Stan Zorin
1 year 11 months ago
The issues are not complicated, they are very simple. And you dare to call perpetrators "victims".
Chuck Kotlarz
1 year 11 months ago
Voters perhaps have bitten the hand that feeds them. The U.S. Census Bureau reported median household income jumped by more than 5 percent in 2015 and poverty fell faster than it had in any year since the 1960s.
Charles Erlinger
1 year 11 months ago
I continue to hope that you are a better analytic and critical thinker than is suggested by this simplistic piece.
Joseph J Dunn
1 year 11 months ago
Charles, Thank you for your kind thought and good wish. Actually, this piece is an accurate report of phenomena heard and observed--real stories of real people who voted--not a scientific poll or analysis, not a critique of anyone's thought or vote. It doesn't offer to explain how Trump won, but it explains at least a small part of how he didn't lose. Peace, JD
Joanne Newnam
1 year 10 months ago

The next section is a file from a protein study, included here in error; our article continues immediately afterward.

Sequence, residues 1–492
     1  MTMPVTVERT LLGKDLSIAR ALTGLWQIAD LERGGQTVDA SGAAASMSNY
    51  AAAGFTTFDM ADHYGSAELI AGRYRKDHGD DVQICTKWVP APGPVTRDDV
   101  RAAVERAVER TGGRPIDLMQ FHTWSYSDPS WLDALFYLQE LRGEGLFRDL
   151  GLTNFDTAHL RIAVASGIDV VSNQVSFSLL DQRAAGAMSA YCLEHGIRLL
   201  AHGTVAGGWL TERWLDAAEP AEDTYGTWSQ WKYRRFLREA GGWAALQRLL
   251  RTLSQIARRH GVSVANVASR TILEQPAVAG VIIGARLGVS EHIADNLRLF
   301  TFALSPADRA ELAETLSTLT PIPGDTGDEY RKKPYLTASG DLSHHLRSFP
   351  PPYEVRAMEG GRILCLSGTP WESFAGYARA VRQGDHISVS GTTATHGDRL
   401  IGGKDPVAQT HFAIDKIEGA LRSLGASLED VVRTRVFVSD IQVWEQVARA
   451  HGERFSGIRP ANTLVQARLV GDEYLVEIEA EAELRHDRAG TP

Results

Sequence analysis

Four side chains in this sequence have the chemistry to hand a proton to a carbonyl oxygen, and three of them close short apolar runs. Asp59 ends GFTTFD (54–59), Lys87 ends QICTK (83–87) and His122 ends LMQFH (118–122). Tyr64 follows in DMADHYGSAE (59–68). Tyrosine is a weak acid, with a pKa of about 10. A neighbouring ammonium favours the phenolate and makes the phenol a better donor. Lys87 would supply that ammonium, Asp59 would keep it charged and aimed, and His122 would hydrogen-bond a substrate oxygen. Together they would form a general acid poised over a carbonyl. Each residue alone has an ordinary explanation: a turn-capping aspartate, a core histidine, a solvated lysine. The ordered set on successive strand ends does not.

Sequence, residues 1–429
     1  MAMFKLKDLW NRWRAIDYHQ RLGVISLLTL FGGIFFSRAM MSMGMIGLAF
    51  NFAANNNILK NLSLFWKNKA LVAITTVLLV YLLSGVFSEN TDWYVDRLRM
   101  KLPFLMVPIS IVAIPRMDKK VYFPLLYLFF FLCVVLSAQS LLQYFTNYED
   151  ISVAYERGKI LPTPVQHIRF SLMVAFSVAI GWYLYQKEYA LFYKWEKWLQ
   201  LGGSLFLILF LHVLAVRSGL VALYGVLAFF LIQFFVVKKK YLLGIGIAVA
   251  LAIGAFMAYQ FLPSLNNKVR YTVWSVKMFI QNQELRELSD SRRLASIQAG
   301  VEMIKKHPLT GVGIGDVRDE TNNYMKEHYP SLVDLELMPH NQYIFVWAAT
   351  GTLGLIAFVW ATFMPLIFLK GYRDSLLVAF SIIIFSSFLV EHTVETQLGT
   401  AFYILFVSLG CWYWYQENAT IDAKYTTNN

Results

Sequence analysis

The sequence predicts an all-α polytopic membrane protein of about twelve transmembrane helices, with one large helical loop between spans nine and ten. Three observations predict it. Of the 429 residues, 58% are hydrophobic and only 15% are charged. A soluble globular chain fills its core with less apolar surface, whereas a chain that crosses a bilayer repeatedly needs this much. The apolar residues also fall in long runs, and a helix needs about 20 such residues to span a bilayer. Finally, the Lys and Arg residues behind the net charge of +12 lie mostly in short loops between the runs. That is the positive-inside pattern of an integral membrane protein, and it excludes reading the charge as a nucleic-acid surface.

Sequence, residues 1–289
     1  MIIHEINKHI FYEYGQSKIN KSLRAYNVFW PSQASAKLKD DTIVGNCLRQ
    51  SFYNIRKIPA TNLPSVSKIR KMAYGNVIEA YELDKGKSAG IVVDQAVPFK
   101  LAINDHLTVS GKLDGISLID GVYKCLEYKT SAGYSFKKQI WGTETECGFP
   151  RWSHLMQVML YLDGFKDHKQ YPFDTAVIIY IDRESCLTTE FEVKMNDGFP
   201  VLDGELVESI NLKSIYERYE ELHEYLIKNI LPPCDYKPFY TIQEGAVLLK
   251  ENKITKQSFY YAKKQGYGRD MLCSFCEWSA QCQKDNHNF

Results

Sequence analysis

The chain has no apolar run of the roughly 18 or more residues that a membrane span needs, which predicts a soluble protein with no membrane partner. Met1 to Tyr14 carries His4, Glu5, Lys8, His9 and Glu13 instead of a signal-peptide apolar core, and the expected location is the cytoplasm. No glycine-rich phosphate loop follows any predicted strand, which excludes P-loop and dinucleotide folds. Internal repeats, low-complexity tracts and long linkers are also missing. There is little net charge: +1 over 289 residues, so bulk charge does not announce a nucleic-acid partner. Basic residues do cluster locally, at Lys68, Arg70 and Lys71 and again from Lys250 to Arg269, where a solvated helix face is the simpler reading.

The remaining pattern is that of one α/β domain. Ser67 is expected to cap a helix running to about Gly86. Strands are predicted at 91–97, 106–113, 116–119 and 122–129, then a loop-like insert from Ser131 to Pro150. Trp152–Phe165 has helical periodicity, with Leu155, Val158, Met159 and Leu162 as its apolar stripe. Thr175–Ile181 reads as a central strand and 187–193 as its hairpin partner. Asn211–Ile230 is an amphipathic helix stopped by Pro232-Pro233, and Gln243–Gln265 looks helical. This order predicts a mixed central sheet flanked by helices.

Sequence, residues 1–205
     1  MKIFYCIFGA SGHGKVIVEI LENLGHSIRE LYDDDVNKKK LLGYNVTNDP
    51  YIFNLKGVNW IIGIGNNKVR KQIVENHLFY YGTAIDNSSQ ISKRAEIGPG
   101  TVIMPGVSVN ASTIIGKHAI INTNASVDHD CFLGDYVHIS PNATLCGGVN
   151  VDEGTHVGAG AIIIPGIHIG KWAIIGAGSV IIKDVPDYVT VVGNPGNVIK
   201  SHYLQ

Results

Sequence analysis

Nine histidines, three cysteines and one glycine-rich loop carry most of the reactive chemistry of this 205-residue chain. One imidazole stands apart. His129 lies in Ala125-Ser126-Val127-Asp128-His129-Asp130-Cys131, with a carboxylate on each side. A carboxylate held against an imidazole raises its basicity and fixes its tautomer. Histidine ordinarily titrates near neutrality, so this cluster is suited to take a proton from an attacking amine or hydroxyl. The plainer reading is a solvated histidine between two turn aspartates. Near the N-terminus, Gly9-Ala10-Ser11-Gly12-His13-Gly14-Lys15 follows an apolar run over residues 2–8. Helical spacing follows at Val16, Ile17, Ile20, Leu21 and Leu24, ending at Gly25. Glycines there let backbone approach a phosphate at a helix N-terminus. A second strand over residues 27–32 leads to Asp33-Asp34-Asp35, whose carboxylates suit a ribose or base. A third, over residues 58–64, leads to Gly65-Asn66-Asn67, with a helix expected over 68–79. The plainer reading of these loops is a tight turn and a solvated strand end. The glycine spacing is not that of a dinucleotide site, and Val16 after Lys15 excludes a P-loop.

I can add to this list; a president and secretary of state who bold faced lied about Benghazi blaming it on an anti muslim video made by a middle eastern Christian even as a simple check on the internet revealed the truth a day after the attack. I still can see those Christian martyrs lined up by ISIS for their beheading. My conclusion: Middle Eastern Christians know of what they speak. But even worse Obama and Clinton lied to the families coffin side. Then there was the lies of omission by the MSM. It was quite extraordinary to flip channels to see the difference. Benghazi, IRS, State Department, Clinton Foundation, Private vs. Public records (aka State Department emails) obfuscated by Hillary. Only one conclusion is possible, her purpose was to hide her activities that funded the foundation in pay to play schemes. (The Clinton Foundation record in Haiti alone is a disgrace.) But worse was her shrill voice telling us that we had to vote for her "because she was a woman". Well my kind of women doesn't support abortion, loves their sons as well as their daughters, celebrates brains over race or gender. Elizabeth Warren's mantra of "you didn't build that" is so hollow and speaks of a person who has never created a business and has little understanding of the taxes they pay. I speak specifically of any business with a standing facility, warehouse or factory. They all pay property taxes that fund roads, schools, police and firemen. The more that business is worth, the higher the value of their property, the more they pay. Business benefits communities immensely in jobs and taxes. Obamacare is the bane of every individual payor. The system that raised my Juvenile Diabetic son's premium 100% and his deductible from $2000 to $7100 is Obamacare. The same system that is throwing JD' s back to 1950's care. Pumps, pods and automatic glucose monitors not covered. These devices reduced 10 insulin needles a day to one needle prick every third day. And then reduced 10 blood sugar prick a day to one every third day. Obamacare does not cover any of these advances and in fact will cover only needles and finger pricks. So in stead of 2 pricks every third day, JD's on Obamacare are relegated back to 60 pricks every three days. Insulin that use to cost $15.00 a bottle now cost $67.00 a bottle because of Obamacare. Then there are the Wikileaks. Truth revealed and the contents of which have never been disputed by the leaders exposed by them. Wikileaks exposed Podesta & Palmeri's faux Catholicism and their attack on Catholicism through funding by George Soros of faux Catholic web sites to influence the church re: abortion and denigrating Transubstantiation. Their conspiracy was so egregious that several bishops across the country grew a set and actually issued letters on the subject to their dioceses. Just a final note: Kellyanne Conway is a Catholic too. She attended St. Joseph High School in Hammonton, NJ and Trinity Washington University in DC. She even packed blueberries (Hammonton being the Blueberry capital of NJ) for years. She states, "Everything I learned about life and business started on that farm." She is not a Nancy Pelosi (rich girl from Baltimore) or Jennifer Palmeri or John Podesta, or all those Democrat Catholics who think they can support abortion and somehow wash the stain of all those deaths from their hands. They are just as responsible as those Mengeles/Kemit Gosnells (google them if you don't know them) from Planned Parenthood. Read Archbishop Caput's letter, About Those Unthinking, Backward Catholics, 10/13/16, First Things.